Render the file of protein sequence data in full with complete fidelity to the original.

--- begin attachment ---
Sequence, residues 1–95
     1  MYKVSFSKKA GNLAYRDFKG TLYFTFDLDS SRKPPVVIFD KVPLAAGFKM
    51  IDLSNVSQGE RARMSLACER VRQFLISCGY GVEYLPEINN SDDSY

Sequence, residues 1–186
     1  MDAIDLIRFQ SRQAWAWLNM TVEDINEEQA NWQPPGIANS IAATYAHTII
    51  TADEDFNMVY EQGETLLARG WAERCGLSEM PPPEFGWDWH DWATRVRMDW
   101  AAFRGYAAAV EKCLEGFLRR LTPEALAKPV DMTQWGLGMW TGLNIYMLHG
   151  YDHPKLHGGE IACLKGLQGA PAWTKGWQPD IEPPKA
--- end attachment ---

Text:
Sequence, residues 1–95
     1  MYKVSFSKKA GNLAYRDFKG TLYFTFDLDS SRKPPVVIFD KVPLAAGFKM
    51  IDLSNVSQGE RARMSLACER VRQFLISCGY GVEYLPEINN SDDSY

Sequence, residues 1–186
     1  MDAIDLIRFQ SRQAWAWLNM TVEDINEEQA NWQPPGIANS IAATYAHTII
    51  TADEDFNMVY EQGETLLARG WAERCGLSEM PPPEFGWDWH DWATRVRMDW
   101  AAFRGYAAAV EKCLEGFLRR LTPEALAKPV DMTQWGLGMW TGLNIYMLHG
   151  YDHPKLHGGE IACLKGLQGA PAWTKGWQPD IEPPKA